San Francisco 49ers tight end Vernon Davis -- the first in NFL history to post multiple 13-touchdown seasons -- reported back to the team on time, ending his holdout after missing the team's minicamp.
In doing so, he accrued $270,000 in fines and forfeited a $50,000 workout bonus.
"It was a very easy decision. All you have to do is think about the team," Davis said at the 49ers' new facility here Thursday. "That's what I did, think about my teammates and some of the guys like Frank Gore, who are on their last contract, the last end of their contract, guys who I love and provide for."
Davis has two years remaining on his contract after signing for five years and $36.75 million in 2011. At the time, it was the richest contract in history for a tight end. Now, he remains the league's fourth-highest paid player at the position, averaging $7.35 million. However, Davis' deal was front loaded, and he was due to see a $1.3 million decrease in pay in 2014 and another $350,000 decrease in 2015.
"It's already such an exciting day, the first day of football, where it's the new year," coach Jim Harbaugh said. "And definitely having Vernon there added to that. Everybody sees their friends, their family, they haven't seen them for a month or so, since we've been apart after the minicamp. It's a happening."
San Francisco's other headache of the offseason, linebacker Aldon Smith, is also back with the team. After his lenient sentencing of 11 days on work crew he received last week, there is a chance Smith will not be suspended for his DUI and weapons charges.
That is the case after Ray Rice was given a minimal two-game suspension following his arrest for domestic violence when he allegedly struck his then-fiancee Janay Palmer at an Atlantic City Hotel. Rice pleaded not guilty to the charges in May and has since married Palmer.
But given that Smith's charges were non-violent in nature, and his gun charges were reduced from felonies to misdemeanors, there is a chance his punishment could be even less punitive than Rice's. NFL commissioner Roger Goodell said last fall he would consider Smith's five-game leave of absence last season into any potential punishment.
On the field, Smith says he has never been better.
"I'm in the best shape I've been in coming into a camp," he said. "My mind's probably in the best spot it's been in. I'm feeling great."
That could be great news for the 49ers, who are hoping Smith can return to his 2012 form when he notched 19.5 sacks in the regular season before a labrum injury slowed him down in the postseason.
Smith also said he would meet with Goodell "as soon as possible" regarding potential discipline, but a time has not yet been set.
Meanwhile, Harbaugh was raving about another Smith
"I've come to learn never to underestimate Justin Smith," Harbaugh said of the team's powerful defensive lineman. "He's strong as ever, looks like to be in great shape, as all our guys did.
Smith confirmed Wednesday he played the majority of last season with a shoulder injury that required offseason surgery. Smith had a down year for his standards in 2013, and the shoulder problem could be a reason why.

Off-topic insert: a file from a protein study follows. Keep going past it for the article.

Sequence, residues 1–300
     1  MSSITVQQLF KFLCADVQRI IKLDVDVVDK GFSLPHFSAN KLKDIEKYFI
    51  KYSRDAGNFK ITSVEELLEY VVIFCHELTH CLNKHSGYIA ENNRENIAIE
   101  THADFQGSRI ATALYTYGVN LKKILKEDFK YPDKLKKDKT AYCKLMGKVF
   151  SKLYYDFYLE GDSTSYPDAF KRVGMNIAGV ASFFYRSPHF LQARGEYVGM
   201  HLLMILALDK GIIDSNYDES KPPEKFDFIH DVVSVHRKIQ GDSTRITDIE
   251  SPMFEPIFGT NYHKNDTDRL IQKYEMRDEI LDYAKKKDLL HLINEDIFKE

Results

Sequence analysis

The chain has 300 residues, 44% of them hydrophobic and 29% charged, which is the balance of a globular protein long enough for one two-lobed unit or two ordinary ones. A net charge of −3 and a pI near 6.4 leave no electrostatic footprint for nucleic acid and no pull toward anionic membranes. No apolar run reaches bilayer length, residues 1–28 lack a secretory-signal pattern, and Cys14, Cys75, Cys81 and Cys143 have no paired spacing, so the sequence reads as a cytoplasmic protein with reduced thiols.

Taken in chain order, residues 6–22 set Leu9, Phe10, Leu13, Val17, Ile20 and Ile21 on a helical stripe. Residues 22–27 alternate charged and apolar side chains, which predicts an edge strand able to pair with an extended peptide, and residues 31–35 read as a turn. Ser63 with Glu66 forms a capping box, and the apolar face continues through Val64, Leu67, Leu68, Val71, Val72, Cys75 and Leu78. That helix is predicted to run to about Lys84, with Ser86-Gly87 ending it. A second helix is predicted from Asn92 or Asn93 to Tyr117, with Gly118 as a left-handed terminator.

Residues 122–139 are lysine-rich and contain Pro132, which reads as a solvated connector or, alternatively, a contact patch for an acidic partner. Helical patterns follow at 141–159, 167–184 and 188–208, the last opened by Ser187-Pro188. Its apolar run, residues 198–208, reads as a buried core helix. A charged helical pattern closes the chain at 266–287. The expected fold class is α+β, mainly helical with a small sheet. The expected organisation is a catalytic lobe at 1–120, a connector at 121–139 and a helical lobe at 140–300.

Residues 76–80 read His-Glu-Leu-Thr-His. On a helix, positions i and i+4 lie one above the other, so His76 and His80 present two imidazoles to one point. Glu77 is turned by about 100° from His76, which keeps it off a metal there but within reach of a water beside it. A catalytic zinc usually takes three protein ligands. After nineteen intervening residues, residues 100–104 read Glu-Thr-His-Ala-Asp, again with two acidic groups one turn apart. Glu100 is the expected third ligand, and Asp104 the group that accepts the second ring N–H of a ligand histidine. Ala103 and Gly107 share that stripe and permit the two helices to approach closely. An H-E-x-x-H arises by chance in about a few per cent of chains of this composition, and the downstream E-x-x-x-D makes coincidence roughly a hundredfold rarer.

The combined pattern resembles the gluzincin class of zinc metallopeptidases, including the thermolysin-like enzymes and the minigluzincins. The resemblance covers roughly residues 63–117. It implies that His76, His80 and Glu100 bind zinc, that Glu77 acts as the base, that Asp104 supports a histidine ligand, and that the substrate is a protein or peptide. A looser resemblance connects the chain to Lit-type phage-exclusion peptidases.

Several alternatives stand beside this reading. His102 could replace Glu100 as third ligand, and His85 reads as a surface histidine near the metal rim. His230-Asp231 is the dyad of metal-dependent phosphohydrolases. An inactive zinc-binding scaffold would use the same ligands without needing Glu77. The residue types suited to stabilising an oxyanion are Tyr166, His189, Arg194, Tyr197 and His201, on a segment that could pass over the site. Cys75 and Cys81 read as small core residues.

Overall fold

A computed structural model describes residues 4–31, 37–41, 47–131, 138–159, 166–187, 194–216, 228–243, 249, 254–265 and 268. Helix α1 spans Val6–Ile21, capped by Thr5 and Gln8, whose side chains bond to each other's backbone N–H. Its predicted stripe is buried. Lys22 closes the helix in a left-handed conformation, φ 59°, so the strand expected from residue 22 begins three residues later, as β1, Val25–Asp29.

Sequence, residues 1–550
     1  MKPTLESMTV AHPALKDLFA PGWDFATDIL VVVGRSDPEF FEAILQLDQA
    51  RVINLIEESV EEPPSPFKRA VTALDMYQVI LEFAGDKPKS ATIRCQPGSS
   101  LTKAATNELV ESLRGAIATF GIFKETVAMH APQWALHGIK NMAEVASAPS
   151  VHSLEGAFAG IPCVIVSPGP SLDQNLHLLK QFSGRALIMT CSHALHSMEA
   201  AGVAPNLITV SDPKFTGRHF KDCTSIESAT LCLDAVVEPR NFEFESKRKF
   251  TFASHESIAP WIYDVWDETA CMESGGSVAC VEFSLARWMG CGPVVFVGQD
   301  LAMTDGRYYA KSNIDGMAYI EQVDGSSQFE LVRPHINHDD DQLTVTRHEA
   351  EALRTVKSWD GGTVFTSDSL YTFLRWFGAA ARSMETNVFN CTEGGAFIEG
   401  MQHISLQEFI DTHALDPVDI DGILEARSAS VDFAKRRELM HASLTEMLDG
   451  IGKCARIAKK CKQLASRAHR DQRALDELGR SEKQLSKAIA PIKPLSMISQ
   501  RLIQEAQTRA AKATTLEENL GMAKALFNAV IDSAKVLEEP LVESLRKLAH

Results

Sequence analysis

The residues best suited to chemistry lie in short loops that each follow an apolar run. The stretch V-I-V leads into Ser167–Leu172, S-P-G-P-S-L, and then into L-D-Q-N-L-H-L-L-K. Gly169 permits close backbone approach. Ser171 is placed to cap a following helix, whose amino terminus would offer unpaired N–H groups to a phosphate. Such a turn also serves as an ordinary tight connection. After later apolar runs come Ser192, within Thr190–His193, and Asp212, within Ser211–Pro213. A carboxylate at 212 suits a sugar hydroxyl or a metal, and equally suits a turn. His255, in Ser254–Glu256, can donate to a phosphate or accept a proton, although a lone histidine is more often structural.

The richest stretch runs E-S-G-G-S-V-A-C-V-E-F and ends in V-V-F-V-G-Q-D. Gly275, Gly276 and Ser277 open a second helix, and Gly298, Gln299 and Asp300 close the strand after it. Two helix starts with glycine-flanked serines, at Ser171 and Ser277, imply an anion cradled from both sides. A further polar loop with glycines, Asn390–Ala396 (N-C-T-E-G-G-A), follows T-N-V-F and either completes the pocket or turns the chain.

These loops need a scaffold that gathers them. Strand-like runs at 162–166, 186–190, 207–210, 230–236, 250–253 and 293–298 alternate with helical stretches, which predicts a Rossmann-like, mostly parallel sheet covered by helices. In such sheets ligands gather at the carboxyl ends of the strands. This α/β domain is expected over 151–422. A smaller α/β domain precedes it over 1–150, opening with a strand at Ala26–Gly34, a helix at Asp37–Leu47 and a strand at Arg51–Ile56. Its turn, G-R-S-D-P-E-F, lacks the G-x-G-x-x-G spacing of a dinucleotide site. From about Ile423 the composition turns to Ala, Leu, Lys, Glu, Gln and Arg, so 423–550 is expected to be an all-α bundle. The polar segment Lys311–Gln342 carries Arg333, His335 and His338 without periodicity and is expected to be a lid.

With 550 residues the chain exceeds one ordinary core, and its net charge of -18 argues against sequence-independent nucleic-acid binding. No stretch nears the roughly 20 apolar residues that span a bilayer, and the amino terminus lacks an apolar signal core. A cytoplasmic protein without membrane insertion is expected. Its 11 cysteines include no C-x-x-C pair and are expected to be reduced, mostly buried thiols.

Smith, 34, did not participate with the team in its first training camp practice Thursday, instead working out on the side field and in the weight room. The team expects Smith to be 100 percent by the start of the regular season.
First-round draft pick, defensive back Jimmy Ward, made his practice debut Thursday after missing the entire offseason program with a foot injury. He made an interception and looked good while learning his new role as a nickel corner.
Cornerback Chris Culliver also practiced in full for the first time in a calendar year after sustaining a torn ACL in the early stages of training camp in 2013. Culliver is a favorite to start opposite of Tramaine Brock and is entering a contract year.
Marcus Lattimore, the spectacular second-year running back who blew out both knees at South Carolina but was still drafted in 2013 by the 49ers, will open camp on the active/non-football injury list. Lattimore practiced with the team during the offseason program, but was slowed by a hamstring injury during voluntary minicamp. Harbaugh describes placement on the list as precautionary, saying it was a combination of both the hamstring and knee injuries he sustained during his final game at South Carolina.
Wide receiver Michael Crabtree had his most intense practice Thursday since the season after he took it easy during minicamp. The team took a cautious approach with Crabtree in May and June after he sustained a torn Achilles' tendon at that point in 2013.
Right tackle Anthony Davis remains out of action after having offseason shoulder surgery. The team plans on having him ready for the start of the regular season.
Jonathan Martin, the eye of the controversial bullying scandal with the Miami Dolphins last year, took the majority of first-team reps at right tackle in Davis' absence. Martin had a case of mononucleosis during the offseason program but appears fully healthy and back in shape.